mewithoutYou | Credit: Brad Barket/Getty Images

Career Essentials: Five Things That Defined mewithoutYou

Music Feeds’ Essentials series shines a spotlight on an artist’s defining works. Here, we take a look at the career of Philadelphia post-hardcore rockers mewithoutYou, and what they brought to the scene that no one else did.

Philadelphia-based rockers mewithoutYou have called time on their career after 21 years. The group explained in March 2022 that their outgoing wish was to “reiterate our love and appreciation to all those who continued to support our band over the past two years of uncertainty.”

A previously planned, wide-ranging farewell tour announced in 2019 was torpedoed by COVID and a smaller US-only tour was all that could be organised to close things out. With no more chances to see the band live and their discography settled, here are five reasons why mewithoutYou will be missed.

mewithoutYou – ‘January 1979’

1. Lyricist Aaron Weiss Was One of a Kind

The core of the band was brothers Aaron (vocals) and Michael (lead guitar) Weiss. Raised by a Muslim mother and Jewish father, Aaron himself later converted to Christianity. Religious themes pervade the band’s catalogue, but not in a way approaching anything straightforward.

Less spiritual and more deeply immersed in those different faiths at different times in his life, Aaron’s lyrics were full of questions, often sounding as confused about which god is the right one as a joke that starts, “A priest, an imam, and a rabbi walk into a bar…”

Give any one of their songs a listen through and you’ll sympathise with the singer from a band who followed mwY on their last Australian tour, who said, “That guy writes more lyrics in one song than I’ve written my entire life.”

2. That Song Was About… What Now?

Given the Weiss brothers’ upbringing, listing out the varied inspirations for mewithoutYou songs is a bit of a task. There are Talmudic references, memories of being arrested with Iraq War-protesting Catholic nuns on the White House lawn, thoughts on the pending climate apocalypse and a concept album about an 1878 circus train crash.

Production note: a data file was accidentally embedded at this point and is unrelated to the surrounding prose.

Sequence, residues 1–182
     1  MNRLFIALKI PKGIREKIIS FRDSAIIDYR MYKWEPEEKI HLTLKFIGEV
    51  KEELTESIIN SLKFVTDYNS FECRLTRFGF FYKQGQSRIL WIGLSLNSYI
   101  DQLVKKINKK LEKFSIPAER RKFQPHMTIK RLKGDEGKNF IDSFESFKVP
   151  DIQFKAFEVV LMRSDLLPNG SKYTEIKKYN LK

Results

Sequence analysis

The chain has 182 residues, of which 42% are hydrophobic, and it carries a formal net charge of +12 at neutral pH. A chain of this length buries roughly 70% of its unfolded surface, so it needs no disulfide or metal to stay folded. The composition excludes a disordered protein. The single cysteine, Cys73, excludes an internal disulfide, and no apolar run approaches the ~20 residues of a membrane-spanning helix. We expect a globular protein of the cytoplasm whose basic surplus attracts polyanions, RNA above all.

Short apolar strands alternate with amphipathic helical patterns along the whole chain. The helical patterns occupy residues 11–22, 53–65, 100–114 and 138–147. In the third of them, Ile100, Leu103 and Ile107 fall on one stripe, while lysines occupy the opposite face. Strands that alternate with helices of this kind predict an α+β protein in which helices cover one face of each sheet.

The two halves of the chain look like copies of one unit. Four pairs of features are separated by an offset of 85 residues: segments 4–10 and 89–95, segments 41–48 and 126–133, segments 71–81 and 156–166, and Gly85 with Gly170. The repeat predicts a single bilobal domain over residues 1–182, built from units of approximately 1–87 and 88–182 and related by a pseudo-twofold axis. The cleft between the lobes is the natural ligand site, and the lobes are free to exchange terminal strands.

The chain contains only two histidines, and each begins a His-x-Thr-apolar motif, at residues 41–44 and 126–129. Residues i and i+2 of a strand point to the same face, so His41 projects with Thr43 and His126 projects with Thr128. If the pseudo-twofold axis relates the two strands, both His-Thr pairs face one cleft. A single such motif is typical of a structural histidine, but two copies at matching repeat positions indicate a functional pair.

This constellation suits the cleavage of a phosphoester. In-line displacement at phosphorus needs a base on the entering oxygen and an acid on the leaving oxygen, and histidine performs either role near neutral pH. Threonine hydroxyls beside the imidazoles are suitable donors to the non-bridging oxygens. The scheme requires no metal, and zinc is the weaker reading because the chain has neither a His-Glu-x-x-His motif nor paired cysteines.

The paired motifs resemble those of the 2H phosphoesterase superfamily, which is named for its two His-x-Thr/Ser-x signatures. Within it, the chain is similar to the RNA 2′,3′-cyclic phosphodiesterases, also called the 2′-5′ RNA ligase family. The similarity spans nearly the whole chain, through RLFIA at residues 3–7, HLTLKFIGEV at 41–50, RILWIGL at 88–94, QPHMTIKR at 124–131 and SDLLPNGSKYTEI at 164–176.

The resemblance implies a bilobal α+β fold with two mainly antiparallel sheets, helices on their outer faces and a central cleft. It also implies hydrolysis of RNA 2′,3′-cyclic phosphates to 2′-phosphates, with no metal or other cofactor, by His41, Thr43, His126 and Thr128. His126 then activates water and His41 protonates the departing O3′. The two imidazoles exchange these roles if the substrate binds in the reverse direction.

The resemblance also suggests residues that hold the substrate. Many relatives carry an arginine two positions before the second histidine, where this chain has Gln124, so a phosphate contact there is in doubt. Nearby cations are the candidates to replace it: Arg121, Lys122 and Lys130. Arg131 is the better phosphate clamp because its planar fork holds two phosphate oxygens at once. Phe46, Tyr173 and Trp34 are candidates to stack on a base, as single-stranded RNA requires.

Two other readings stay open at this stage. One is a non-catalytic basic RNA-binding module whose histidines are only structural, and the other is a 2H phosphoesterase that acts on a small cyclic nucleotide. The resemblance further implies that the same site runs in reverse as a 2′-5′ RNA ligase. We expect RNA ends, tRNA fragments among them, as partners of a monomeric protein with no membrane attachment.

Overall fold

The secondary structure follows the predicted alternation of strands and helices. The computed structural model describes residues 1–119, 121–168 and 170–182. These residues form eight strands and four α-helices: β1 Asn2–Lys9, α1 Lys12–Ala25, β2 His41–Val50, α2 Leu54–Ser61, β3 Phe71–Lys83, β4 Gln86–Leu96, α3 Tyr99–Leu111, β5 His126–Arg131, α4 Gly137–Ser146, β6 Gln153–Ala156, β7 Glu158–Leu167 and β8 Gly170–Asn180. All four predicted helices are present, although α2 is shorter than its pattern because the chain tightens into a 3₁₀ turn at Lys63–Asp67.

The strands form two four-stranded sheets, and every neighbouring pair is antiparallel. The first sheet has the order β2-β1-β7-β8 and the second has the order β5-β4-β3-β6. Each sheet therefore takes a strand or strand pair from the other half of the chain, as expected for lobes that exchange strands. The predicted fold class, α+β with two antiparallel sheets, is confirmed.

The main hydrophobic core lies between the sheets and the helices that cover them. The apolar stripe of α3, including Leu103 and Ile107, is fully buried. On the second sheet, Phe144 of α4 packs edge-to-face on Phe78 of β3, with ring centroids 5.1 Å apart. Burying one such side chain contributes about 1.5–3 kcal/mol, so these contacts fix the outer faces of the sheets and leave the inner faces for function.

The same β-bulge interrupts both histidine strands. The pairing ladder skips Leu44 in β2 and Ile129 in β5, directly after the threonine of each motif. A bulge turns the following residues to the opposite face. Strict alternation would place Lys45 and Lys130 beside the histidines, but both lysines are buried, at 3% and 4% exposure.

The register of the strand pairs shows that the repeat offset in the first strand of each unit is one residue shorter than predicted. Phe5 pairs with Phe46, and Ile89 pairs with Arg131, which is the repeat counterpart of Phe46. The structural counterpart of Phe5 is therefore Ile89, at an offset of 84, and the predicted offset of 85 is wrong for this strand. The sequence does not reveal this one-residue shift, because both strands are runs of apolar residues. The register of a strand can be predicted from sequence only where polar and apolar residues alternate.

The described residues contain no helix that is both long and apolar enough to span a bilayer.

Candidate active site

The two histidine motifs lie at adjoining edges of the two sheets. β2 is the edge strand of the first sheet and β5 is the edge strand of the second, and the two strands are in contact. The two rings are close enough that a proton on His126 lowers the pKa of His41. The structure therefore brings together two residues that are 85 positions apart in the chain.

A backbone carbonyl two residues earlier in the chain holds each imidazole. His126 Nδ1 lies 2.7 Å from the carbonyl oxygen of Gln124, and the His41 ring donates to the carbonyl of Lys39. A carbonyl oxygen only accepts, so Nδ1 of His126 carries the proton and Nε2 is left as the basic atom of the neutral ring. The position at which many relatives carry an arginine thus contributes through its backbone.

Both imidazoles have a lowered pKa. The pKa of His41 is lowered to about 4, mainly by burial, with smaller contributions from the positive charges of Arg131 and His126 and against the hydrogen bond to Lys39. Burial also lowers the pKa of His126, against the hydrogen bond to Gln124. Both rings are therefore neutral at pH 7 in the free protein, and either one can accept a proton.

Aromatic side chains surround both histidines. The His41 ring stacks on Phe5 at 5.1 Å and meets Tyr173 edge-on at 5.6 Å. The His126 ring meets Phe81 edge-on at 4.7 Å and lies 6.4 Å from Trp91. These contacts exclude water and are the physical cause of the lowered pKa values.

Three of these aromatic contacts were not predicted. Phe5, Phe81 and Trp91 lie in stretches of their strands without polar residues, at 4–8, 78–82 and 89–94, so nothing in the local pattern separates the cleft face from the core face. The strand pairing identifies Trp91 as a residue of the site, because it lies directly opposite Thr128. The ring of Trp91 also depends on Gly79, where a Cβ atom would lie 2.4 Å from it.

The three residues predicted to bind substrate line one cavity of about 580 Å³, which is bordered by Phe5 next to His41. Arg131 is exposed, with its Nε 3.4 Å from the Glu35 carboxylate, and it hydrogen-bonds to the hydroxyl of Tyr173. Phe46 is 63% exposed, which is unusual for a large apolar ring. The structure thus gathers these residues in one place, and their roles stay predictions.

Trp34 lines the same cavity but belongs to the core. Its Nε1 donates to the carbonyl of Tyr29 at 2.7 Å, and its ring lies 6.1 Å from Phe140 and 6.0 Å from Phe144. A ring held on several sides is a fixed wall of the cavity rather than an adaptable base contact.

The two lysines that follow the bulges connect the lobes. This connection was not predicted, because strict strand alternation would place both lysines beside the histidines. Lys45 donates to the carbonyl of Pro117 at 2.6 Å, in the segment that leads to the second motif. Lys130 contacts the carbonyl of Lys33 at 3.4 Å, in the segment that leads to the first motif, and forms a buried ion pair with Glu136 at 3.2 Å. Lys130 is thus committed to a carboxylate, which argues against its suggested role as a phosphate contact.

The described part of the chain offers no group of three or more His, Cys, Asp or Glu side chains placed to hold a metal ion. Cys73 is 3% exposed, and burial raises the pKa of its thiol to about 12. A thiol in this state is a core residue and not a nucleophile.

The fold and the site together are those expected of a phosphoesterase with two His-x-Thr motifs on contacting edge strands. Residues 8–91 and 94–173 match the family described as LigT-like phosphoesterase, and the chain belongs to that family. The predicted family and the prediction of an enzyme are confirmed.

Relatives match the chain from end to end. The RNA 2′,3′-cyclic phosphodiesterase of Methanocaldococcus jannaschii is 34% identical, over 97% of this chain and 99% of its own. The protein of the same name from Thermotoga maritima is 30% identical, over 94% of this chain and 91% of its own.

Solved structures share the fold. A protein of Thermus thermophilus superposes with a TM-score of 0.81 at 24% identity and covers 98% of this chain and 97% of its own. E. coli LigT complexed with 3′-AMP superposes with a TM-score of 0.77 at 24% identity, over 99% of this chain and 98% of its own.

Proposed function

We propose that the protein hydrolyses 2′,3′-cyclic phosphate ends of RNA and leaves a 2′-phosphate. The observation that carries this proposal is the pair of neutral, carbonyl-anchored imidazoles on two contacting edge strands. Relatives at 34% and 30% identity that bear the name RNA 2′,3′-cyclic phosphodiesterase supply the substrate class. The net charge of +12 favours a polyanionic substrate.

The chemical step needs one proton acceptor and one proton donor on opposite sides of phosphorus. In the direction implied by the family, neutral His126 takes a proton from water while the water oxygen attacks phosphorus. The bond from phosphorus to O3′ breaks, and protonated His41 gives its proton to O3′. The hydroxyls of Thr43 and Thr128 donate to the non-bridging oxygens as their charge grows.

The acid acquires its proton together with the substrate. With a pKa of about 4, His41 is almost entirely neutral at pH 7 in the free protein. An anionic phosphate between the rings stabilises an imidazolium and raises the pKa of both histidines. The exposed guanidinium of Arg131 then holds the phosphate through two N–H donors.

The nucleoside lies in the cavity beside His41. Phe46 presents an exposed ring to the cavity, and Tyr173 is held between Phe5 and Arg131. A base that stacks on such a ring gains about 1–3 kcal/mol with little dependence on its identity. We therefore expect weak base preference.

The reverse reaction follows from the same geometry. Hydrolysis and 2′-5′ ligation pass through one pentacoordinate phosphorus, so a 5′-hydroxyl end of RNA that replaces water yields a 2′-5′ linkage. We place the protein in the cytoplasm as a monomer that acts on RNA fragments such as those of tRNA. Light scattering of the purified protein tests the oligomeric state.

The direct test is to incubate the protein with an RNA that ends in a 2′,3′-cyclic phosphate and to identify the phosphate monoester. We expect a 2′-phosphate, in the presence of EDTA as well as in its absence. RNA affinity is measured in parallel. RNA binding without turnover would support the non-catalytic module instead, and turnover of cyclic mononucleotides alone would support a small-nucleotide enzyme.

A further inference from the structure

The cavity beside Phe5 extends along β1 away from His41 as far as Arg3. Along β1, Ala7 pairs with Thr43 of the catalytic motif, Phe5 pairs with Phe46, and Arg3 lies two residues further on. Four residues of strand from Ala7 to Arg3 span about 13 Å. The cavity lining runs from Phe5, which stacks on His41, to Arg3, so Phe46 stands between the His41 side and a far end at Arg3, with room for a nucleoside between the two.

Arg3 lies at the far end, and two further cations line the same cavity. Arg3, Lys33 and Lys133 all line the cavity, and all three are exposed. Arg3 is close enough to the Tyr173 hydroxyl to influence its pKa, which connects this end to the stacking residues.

There are references to Sufi mystic Bawa Muhaiyaddeen’s book My Love You My Children (a sort of Aesop’s Fables for Muslim kids), Leonard Cohen, Aaron’s time as a dumpster diving freegan living in a Philadelphia commune, the recent death of a parent, and a parable about racist fruits and vegetables. Safe to say that the band has covered some ground.

mewithoutYou in 2005 | Credit: Scott Gries/Getty Images

3. No Two Live Shows Were The Same

Flowers were typically thrown around as an extra sensory element for concertgoers, and set lists were up for debate as late as the last song played. Even after that – pending permission from the venue managers – the band would refill their modified touring bus engine with runoff vegetable oil from the venue kitchen to soften their environmental impact. Anything and everything was on the table for a mewithoutYou show.

4. mewithoutYou Was a Collective

mewithoutYou may have had a relationship with one of your favourite bands. Their community-minded approach to shows saw them link up long-term with Manchester Orchestra, Kevin Devine, and Thrice. They also welcomed guest vocals from Paramore’s Hayley Williams, and offered a leg-up to a range of local Philly groups for repeat tours.

Collaboration was always key, but doesn’t it just feel good knowing that a band you like likes a band you like? Or at least shares vegetable oil with them?

5. A Band Based on a Relationship with Fans

mewithoutYou tours featured pot-luck dinners with anyone up for it, a chance to connect from closer than behind the barrier at a festival. The last time that the group visited Australia, drummer Rickie Mazzotta posted a casual request on their Facebook page for anyone with some knowledge and enthusiasm to find time for a tour of Melbourne’s laneway graffiti scene.

As far back as a 2005 interview with MTV, the band summed up that inclusive attitude as a desire to make it “so it’s not just that ‘we’re the band and you’re the audience’.” Gig attendees were often “more than welcome” to join the band on stage for a dance, or even to organise an impromptu acoustic set in their basement if there was a spare night on tour.

Further Reading

mewithoutYou Will Quit Being An “Active Band” Next Year

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